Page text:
The chairman of the House Armed Services Committee has urged the Pentagon to bar CNN from embedded positions with U.S. forces in Iraq following the cable news network's decision to air enemy footage of a U.S. soldier being shot in a crowd in Baghdad. Appearing on CNN's The Situation Room Monday night, Congressman Duncan Hunter asked, "Does CNN want America to win this thing?" He pointed out that in past wars, news photographers attempted to bring home images to the American public in support of American actions -- specifically mentioning Joe Rosenthal's inspiring picture of American soldiers raising the U.S. flag at Iwo Jima. "You can't be on both sides of the war," Hunter said. CNN said that it did not air the entire video, pointing out that footage of the shooting was taken from a distance, that the moment of impact was not shown, and that the film was clearly identified as enemy propaganda. On MSNBC, conservative commentator Tucker Carlson defended CNN's airing of the tape, saying that "it makes you less sympathetic to the insurgency, not more sympathetic." Meanwhile, the Britain's Ministry of Defense has banned members of Independent Television News (ITN) from embedded positions with British troops and after the television news service showed films of wounded soldiers in Afghanistan. The defense ministry's letter to ITN said in part, "You should be under no illusions about the level of anger that exists as a result of items you carried on your programs. ... However, until we have satisfactory answers ... the MoD feels unable to guarantee that our people will be treated fairly, honestly and their privacy respected."


An episode of Fox's The Simpsons scheduled to air two days before next month's midterm elections has stirred up a political flap. As reported by the online Radar magazine, the episode, titled "The Day the Earth Was Stupid," a spoof of The War of the Worlds,shows an invasion of the Simpsons' home town of Springfield, a prelude to an occupation of the entire planet. "Well, the Earthlings continue to resent our presence," one of the aliens says. "You said we'd be greeted as liberators!" The other replies, "We still have the people's hearts and minds." At which point, he holds up a heart and brain. Al Jean, the show's executive producer, told Radar that Fox raised no objection to the episode. Although Rupert Murdoch, the network's owner, is regarded as a conservative and a supporter of America's policies in Iraq -- his News Corp also owns the conservative-leaning Fox News Network -- he has maintained a hands-off policy towards The Simpsons, arguably the most profitable program the network has ever aired. "I'd like to take credit for being adventuresome," said Jean, "but I think we're expressing a viewpoint 69 percent of the country agrees with."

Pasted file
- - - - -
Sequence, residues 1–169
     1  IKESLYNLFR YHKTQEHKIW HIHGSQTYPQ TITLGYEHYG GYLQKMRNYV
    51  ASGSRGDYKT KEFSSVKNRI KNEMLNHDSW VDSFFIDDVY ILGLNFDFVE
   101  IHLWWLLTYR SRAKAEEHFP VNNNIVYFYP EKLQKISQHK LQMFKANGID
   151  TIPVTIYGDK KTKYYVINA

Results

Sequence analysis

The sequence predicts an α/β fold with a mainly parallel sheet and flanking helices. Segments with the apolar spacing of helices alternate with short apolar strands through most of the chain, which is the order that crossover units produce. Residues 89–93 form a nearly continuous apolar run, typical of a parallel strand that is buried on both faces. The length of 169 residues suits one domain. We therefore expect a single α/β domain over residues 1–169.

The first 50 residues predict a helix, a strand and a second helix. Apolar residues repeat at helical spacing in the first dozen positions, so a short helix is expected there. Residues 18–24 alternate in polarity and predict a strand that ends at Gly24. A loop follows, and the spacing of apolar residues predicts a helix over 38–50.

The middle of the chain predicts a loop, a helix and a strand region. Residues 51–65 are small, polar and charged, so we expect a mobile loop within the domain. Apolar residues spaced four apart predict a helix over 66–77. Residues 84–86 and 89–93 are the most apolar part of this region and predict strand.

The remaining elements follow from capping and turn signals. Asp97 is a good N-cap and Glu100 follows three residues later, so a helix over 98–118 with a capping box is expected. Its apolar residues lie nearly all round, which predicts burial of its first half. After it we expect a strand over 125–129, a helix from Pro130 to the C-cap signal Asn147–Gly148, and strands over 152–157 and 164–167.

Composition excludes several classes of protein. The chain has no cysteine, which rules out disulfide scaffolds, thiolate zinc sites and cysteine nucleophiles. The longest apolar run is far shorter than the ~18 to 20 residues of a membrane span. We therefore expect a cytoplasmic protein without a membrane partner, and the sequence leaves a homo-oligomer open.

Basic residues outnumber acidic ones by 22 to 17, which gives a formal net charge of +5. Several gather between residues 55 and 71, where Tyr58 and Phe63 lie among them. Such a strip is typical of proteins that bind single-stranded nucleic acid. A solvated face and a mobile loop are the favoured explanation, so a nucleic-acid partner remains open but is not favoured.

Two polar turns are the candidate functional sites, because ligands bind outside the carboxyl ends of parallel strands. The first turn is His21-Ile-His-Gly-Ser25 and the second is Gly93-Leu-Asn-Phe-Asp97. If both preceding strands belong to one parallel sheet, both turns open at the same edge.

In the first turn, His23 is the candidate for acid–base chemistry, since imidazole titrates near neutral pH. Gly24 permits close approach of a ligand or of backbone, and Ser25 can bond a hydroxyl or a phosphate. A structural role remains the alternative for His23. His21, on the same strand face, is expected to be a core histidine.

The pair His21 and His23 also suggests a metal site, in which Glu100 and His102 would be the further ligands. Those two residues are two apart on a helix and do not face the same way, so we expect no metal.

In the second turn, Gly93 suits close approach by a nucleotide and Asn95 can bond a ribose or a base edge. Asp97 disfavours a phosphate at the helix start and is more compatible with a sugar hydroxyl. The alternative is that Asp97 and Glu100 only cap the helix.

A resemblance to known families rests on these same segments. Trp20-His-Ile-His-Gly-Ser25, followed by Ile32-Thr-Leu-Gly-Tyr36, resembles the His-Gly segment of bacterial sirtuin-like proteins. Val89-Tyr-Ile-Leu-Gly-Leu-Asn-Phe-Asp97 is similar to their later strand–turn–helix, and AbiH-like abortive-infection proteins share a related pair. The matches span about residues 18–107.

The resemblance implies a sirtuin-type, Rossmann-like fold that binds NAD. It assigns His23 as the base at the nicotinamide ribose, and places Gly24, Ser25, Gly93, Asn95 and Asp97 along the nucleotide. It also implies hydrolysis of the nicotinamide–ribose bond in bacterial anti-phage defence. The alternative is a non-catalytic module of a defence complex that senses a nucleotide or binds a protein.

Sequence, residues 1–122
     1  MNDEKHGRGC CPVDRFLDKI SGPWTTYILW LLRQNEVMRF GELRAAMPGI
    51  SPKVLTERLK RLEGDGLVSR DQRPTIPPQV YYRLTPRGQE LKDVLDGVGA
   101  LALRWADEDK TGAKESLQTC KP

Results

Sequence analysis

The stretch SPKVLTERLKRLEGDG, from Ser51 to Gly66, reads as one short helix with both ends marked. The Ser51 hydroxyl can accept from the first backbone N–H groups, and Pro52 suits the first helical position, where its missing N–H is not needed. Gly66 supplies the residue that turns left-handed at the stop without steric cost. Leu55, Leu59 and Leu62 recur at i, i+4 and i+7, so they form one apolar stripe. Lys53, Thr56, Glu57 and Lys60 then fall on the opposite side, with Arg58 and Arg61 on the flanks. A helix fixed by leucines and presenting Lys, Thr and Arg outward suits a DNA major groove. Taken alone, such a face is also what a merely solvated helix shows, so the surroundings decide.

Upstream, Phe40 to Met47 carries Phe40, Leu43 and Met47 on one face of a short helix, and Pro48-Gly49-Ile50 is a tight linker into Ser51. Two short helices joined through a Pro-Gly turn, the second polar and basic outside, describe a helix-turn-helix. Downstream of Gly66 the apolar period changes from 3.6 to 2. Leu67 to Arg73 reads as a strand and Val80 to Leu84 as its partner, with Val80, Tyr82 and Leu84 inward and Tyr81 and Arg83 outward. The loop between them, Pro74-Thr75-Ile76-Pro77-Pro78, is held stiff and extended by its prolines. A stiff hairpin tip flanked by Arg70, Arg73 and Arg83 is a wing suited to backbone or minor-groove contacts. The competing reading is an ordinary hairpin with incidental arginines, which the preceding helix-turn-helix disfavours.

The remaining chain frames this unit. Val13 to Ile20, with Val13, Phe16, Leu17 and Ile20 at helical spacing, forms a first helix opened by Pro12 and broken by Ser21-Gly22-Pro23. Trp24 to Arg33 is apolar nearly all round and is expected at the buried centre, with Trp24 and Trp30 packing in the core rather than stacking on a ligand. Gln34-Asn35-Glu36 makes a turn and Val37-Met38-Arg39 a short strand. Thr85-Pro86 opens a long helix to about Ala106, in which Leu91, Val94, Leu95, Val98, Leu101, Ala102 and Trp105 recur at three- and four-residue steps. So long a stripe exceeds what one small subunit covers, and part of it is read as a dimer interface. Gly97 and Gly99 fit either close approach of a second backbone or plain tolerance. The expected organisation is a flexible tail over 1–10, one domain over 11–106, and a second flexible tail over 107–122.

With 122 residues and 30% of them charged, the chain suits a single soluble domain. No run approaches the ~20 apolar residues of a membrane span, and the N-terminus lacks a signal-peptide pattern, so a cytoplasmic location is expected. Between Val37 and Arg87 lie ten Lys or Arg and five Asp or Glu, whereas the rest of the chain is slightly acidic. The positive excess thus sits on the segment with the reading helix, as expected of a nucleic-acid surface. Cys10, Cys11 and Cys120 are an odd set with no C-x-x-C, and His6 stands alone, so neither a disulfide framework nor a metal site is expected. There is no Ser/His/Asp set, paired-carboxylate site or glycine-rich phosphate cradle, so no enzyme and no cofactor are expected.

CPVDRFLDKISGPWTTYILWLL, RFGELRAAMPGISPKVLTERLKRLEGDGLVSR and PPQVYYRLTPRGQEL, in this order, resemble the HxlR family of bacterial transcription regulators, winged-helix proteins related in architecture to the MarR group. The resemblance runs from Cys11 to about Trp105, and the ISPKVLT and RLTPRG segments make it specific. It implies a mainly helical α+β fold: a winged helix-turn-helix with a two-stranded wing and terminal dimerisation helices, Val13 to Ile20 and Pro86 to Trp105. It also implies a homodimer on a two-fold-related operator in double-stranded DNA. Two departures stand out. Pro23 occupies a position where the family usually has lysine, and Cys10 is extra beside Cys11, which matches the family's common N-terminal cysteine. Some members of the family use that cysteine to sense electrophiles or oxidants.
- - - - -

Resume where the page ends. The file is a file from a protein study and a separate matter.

Two cable TV networks have declined to run ads promoting the award-winning film Death of a President, which depicts the assassination of George W. Bush in 2007. Jason Klein, co-CEO of the ad agency Special Ops Media, told Online Media Daily that CNN was delaying the ad pending approval of its editorial division, while The History Channel refused to run it based on its content. The film is due to open on Friday, Oct. 27.


A study by broadcasting analyst Andrew Tyndall has disclosed that since Katie Couric took over as anchor of the CBS Evening News, female correspondents have received 40 percent fewer assignments than they did under her predecessor, Bob Schieffer. Moreover, Tyndall said in an analysis for Broadcasting & Cable magazine, the role of the anchor has been emphasized while the role of the correspondent has been downplayed. Couric, for example, now introduces each correspondent and has 20 percent more voice-over time than Schieffer did. CBS responded that it is attempting to provide "the best information told by the best correspondents every day -- without a preconceived plan as to the gender of the reporters." Meanwhile, on Monday NewsdayTV columnist Verne Gay offered a devastating critique of the evening newscast -- taking aim directly at Couric."You're there to salvage one of the great franchises in broadcast history," he wrote. "It really is all on your shoulders, so why aren't you acting like this is the most exhilarating challenge in broadcast journalism, as indeed this is? Where's that ol' Couric spark? The exuberance? The wicked sense of humor? That devastatingly effective interview style -- your own unhittable cut fastball? For gawd's sake, CBS -- What have you done with Katie Couric?"


EchoStar Communications, which operates the DISH satellite service, said Monday that it plans to ask a U.S. district court in Miami to reconsider its decision not to lift an injunction barring DISH from providing the signals from distant network TV stations to subscribers who don't live in the area of their signals. Previously EchoStar had reached a $100-million settlement with affiliates of ABC, NBC and CBS. But Fox refused to go along with the deal and demanded that the court enforce federal rules barring the transmission of distant network channels.